The 88,000 residents who fled a wildfire that has ravaged the Canadian oil town of Fort McMurray in Alberta will not be able to return home anytime soon, officials warned on Thursday, as the authorities are set to continue the airlift of thousands of people.
The out-of-control blaze has consumed entire neighborhoods of Fort McMurray in the country’s energy heartland and officials warn its spread now threatens two oil sands sites south of the city.
The wildfire has already forced precautionary production cuts or shutdowns at about a dozen major facilities, eating into a global crude surplus and supporting oil prices this week.
“The damage to the community of Fort McMurray is extensive and the city is not safe for residents,” said Alberta Premier Rachel Notley in a press briefing late Thursday.
“It is simply not possible, nor is it responsible to speculate on a time when citizens will be able to return. We do know that it will not be a matter of days,” she said.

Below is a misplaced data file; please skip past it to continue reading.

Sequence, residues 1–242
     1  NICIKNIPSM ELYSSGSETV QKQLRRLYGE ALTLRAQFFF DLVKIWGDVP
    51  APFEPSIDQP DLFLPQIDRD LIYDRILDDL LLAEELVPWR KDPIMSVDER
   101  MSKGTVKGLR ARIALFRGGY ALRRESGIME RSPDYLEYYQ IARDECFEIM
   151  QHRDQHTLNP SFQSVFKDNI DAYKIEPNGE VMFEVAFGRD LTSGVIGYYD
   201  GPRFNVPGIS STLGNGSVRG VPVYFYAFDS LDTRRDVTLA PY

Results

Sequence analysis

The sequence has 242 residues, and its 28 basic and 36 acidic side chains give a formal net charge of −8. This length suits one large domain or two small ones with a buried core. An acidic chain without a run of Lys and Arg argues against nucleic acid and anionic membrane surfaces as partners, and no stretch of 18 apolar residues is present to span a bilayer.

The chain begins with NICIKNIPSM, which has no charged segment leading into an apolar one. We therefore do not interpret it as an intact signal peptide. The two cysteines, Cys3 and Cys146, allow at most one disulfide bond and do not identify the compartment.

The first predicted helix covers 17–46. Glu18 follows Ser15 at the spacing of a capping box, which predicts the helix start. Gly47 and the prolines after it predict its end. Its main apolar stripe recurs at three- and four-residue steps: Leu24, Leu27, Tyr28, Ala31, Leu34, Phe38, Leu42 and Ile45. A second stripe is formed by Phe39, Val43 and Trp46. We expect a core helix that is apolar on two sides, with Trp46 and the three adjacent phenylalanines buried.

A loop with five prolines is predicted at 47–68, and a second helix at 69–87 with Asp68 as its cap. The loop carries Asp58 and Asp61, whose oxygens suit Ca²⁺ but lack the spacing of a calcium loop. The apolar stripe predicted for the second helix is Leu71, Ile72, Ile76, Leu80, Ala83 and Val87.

Officials airlifted 8,000 people on Thursday and will continue the airlift Friday, while a mass migration of cars will move south in the morning.
The Alberta provincial government, which declared a state of emergency, said more than 1,100 firefighters, 145 helicopters, 138 pieces of heavy equipment and 22 air tankers were fighting the fire, but Chad Morrison, Alberta’s manager of wildfire prevention, said rain is needed.
“Let me be clear: air tankers are not going to stop this fire,” he said. “It is going to continue to push through these dry conditions until we actually get some significant rain.”
Officials flew 8,000 evacuees to Edmonton and Calgary by Thursday night. They hope the highway will become safe enough on Friday to move the remaining people out via the south. It was not safe Thursday.
A helicopter will lead the evacuation convoy on Friday morning to make sure the highway is safe. It will pass through Fort McMurray where the fire has torched 1,600 homes and other buildings.
Notley said the first convoy will be 400 vehicles and officials would see how that goes.
There have been no injuries or death in the province from the fires.